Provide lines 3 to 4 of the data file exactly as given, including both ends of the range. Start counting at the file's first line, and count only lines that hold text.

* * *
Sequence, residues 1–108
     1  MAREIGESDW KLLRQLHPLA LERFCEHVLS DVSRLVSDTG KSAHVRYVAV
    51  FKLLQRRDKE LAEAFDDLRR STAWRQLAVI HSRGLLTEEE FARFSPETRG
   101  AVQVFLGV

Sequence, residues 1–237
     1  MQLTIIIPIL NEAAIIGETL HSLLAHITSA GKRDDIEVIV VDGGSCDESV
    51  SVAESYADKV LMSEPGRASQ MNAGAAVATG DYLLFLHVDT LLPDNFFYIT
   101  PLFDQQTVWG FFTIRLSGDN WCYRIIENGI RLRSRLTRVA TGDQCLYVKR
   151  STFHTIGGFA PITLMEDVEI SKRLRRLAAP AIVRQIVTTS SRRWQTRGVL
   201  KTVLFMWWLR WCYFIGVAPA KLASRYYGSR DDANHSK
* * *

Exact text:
    51  FKLLQRRDKE LAEAFDDLRR STAWRQLAVI HSRGLLTEEE FARFSPETRG
   101  AVQVFLGV